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What do an elderly topiary gardener, a retired lion tamer, a man fascinated by mole rats, and a cutting-edge robotics designer have in common? Both nothing and everything in this ... See full summary »
Early Errol Morris documentary intersplices random chatter he captured on film of the genuinely eccentric residents of Vernon, Florida. A few examples? The preacher giving a sermon on the ... See full summary »
Amazing series primarily using Errol Morris' invention the Interrotron for unusual people to tell their outré stories directly into the camera to the viewer. Almost every half-hour ... See full summary »
Documentary on the Friedmans, a seemingly typical, upper-middle-class Jewish family whose world is instantly transformed when the father and his youngest son are arrested and charged with shocking and horrible crimes.
Documentary about Fred Leuchter, an engineer who became an expert on execution devices and was later hired by revisionist historian Ernst Zundel to "prove" that there were no gas chambers at Auschwitz. Leuchter published a controversial report confirming Zundel's position, which ultimately ruined his own career. Most of the footage is of Leuchter, puttering around execution facilities or chipping away at the walls of Auschwitz, but Morris also interviews various historians, associates, and neighbors. Written by
According to A Brief History of Errol Morris (2000), Morris made a rough cut that he showed to colleagues and friends that only had Leuchter interviewed and it was Morris' intention that the audience would understand he was saying things either as lies or flat-out wrong. He was advised to go to Auschwitz and dig deeper so that there would be no doubt for the audience that Leuchter was wrong. See more »
Fred A. Leuchter Jr.:
The human body is not easy to destroy and it's not east to take a life humanely and painlessly without doing a great deal of damage to the individual's body.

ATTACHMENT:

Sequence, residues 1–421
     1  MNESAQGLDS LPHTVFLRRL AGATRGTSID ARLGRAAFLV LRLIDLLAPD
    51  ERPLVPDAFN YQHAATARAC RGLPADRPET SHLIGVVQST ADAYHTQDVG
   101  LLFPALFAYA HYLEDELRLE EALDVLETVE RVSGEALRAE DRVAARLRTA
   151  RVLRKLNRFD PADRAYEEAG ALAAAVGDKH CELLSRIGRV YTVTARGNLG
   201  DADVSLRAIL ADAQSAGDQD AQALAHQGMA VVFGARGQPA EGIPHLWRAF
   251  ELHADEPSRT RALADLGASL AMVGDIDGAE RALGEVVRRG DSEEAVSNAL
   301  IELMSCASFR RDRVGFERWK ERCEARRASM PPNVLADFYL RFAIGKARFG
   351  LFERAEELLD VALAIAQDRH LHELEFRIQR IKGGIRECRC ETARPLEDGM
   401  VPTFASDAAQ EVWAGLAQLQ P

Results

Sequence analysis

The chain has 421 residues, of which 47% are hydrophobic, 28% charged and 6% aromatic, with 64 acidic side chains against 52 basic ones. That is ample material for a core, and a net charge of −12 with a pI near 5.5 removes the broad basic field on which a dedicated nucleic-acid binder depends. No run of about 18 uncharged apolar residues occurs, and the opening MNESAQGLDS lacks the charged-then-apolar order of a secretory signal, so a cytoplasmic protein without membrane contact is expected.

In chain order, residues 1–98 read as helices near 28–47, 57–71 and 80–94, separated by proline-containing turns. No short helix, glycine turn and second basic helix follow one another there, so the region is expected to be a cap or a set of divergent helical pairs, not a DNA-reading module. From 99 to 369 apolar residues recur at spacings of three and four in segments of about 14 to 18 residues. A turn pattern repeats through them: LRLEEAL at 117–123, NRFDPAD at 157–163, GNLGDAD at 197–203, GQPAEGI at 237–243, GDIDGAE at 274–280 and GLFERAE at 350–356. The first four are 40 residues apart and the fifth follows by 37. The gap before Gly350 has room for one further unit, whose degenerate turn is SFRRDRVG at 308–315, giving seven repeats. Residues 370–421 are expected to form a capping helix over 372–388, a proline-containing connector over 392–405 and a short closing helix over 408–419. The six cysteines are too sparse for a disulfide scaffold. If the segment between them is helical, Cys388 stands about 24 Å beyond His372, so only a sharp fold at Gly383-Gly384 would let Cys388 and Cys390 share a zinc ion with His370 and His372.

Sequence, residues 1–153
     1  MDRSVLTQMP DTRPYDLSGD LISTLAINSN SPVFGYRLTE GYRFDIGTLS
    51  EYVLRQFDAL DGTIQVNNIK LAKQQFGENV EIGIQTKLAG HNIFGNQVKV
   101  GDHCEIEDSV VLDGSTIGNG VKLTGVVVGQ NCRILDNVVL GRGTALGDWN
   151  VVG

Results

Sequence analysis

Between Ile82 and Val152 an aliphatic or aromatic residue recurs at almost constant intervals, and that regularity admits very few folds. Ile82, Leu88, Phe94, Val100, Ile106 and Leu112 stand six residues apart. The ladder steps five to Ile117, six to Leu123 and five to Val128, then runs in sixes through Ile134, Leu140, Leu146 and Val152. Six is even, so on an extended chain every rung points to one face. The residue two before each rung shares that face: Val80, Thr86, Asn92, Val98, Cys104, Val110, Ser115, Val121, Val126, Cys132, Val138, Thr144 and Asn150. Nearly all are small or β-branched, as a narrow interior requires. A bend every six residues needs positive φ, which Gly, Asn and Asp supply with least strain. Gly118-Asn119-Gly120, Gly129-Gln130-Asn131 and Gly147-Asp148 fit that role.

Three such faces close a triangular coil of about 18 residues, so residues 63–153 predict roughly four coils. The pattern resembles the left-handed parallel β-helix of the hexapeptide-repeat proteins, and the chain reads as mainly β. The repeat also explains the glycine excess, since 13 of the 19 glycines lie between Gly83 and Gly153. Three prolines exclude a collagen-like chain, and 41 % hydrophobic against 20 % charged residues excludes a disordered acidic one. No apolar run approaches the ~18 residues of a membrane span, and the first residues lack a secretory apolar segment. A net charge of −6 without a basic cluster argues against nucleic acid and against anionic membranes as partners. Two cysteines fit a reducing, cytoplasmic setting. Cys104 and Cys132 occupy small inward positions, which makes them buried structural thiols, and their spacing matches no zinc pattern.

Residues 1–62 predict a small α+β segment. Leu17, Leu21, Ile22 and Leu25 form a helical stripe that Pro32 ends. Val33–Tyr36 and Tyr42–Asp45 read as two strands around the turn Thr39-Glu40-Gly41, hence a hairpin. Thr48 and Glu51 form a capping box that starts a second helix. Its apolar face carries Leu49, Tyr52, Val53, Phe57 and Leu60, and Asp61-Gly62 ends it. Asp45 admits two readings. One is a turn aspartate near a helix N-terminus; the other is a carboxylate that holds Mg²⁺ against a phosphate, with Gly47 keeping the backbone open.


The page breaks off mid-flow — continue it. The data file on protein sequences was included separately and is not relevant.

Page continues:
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This is a documentary that feels like a compressed news broadcast. Errol Morris, the reason why Werner Herzog ate his shoe, makes this documentary about, well, the rise and fall of Fred A. Leuchter, Jr., also known as Mr. Death. During the 70's and 80's, Mr. Leuchter found himself in a successful niche improving upon and creating new machines to implement capital punishment. Though he was not a licensed technician, he sold blueprints and homemade machines to state penitentiaries as well as acted as a consultant on the lethal machines in prisons across the country. Where Mr. Leuchter went awry was when he was contacted to investigate the truthfulness to the claim that Nazis used lethal gas to exterminate thousands of people at concentration camps in Germany and Poland. His research found him knee deep in the ruins of Auschwitz, taking rock samples off the walls of gas chamber rooms to take back to the United States for arsenic analysis. His research turned up no traces of cyanide in the wall samples nor evidence of the structural integrity of the supposed gas chambers to safely contain the gases. He presented his findings to the trial of Ernst Zundel, a holocaust denier on trial in Canada for publishing documents refuting the Holocaust ever occurred, and was successively outcast from society as a fellow Holocaust denier. Through Morris' ninety minute film, we are shown the relative success of a man quickly sink to the bottom of the world's hating order through the publication of one research project. Mr. Leuchter is portrayed as objectively as possible in this film, sometimes even going to black while his voice continues, but the sheer tenacity of this man makes me grit my teeth with rage when I think of him. His lack of concern for human life and the sufferings of others and his ambivalence towards people as both models of death and financial gain is a horrifying example of what kinds of people do what kinds of things in this world. The movie was well made with nice interludes of beautifully shot slow motion 35mm as well as video footage from trials, video from Leuchter's own research in the tombs of Auschwitz, and the interviews of Leuchter sitting and talking about his work as calmly as a dove coos.
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